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Hulk’s Three-Movie Arc Didn’t Fix The Character’s MCU Problems

Hulk with the Infinity Gauntlet in Avengers Infinity War

The Marvel Cinematic Universe has largely failed the Hulk - and even his recent three-film arc didn't fix the long-standing character problems. Both Marvel Studios president Kevin Feige and actor Mark Ruffalo have suggested they see Thor: RagnarokAvengers: Infinity War, and Avengers: Endgame as a loose "Hulk trilogy." Feige has always allowed actors themselves to have input into their characters' stories, and he and Ruffalo figured out a journey that they believed would work for the Hulk.

At heart, the Hulk is a Jekyll and Hyde-type character, and the MCU brought these two personas into a head-on collision. In Thor: Ragnarok, Thor was shocked to learn that the Hulk had been living on the planet Sakaar for two years, with the Banner identity completely submerged. When Bruce Banner was finally restored, he was shaken to learn just how long he'd been out, and feared he'd never return if he transformed again. Fortunately, Bruce was proven wrong; the arc took a twist in Avengers: Infinity War when the Hulk turned back into Banner and then refused to come out and play again. The story was resolved in Avengers: Endgame, which revealed that Bruce had managed to work out a solution, blending the two personalities into "Professor Hulk."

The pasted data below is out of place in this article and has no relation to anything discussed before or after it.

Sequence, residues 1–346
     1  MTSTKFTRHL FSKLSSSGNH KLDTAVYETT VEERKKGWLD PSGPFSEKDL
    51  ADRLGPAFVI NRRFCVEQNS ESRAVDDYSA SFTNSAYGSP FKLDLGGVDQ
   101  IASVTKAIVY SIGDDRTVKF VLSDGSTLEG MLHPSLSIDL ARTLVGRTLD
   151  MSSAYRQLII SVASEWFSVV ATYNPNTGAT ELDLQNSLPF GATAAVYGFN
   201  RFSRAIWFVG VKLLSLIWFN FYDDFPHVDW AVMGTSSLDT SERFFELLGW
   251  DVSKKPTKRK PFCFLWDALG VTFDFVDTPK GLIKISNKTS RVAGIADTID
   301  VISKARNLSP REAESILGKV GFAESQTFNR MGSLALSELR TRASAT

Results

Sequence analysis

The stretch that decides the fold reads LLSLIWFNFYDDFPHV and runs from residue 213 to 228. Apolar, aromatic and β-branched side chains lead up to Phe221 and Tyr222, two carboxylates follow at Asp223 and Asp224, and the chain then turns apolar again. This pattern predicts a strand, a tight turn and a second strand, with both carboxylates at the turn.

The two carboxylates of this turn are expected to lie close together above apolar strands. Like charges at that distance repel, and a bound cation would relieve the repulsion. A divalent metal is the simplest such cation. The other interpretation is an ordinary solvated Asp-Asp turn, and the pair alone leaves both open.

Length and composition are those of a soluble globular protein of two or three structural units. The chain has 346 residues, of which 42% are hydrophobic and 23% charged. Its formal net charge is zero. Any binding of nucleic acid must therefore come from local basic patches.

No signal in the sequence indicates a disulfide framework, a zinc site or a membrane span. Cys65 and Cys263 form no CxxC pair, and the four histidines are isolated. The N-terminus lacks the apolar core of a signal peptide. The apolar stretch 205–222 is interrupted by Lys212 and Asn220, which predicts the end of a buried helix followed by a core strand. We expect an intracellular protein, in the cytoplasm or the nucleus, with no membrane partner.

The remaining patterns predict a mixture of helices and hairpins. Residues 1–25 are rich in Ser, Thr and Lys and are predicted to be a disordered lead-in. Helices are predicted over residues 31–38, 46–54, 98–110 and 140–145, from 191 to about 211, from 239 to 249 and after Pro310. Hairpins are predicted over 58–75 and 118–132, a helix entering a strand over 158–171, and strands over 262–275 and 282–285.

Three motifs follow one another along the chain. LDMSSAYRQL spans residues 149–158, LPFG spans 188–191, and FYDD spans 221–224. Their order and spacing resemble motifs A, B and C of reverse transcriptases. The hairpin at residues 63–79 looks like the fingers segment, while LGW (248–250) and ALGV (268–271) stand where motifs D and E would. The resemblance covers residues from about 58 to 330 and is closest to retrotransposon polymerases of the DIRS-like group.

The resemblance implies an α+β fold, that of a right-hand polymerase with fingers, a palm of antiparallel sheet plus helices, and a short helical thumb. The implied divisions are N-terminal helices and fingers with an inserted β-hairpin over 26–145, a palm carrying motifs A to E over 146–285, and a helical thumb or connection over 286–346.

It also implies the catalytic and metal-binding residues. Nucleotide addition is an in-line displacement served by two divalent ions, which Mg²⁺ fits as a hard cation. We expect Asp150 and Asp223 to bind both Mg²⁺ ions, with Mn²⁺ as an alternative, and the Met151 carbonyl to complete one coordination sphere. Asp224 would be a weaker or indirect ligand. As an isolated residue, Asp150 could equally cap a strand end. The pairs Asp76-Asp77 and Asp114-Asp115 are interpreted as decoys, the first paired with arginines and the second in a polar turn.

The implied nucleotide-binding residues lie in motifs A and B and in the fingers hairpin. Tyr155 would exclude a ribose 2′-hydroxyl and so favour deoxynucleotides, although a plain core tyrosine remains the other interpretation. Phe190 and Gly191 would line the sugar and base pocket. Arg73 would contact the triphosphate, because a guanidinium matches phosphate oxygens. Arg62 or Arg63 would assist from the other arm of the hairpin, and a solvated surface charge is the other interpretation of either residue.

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Related: What is the Hulk's Future After Avengers: Endgame?

On paper, this has the makings of a fascinating story; indeed, it's drawn from some of the best comics by Peter David. There's just one problem: it didn't come together to fix the issues that have plagued the Hulk since the early days of the MCU.

Hulk Was Limited By Character Movies Rights

Marvel and Universal Hulk Rights

The Hulk is one of Marvel's most iconic superheroes, a brand almost as strong as the Jade Giant himself. For all that's the case, his big-screen presence in the MCU is pretty muted - and that's mostly due to legal issues. Marvel regained the production rights to the Hulk back in 2005, but the distribution rights still sit with Universal, who have the right of first refusal to distribute any future Hulk films. That wasn't a problem for 2008's The Incredible Hulk, because back then Marvel didn't have a distribution network of their own (all other Phase 1 films were distributed by Paramount). But in 2009, Marvel was purchased by Disney, who has one of the best film distribution networks in the world.

All that means Disney can only make more Hulk films if they offer them up to be distributed by a rival studio. Universal, for their part, seem to have no desire to give up the distribution rights. That led actor Mark Ruffalo to publicly complain about Universal. "I just want to make one thing perfectly clear today that a standalone Hulk movie will never happen," he fumed. "Because Universal has the rights to the standalone Hulk movie and for some reason they don't know how to play well with Marvel." Barring a massive change in corporate strategy at either Disney or Universal, The Incredible Hulk is the only solo Hulk film that will ever be made in the MCU.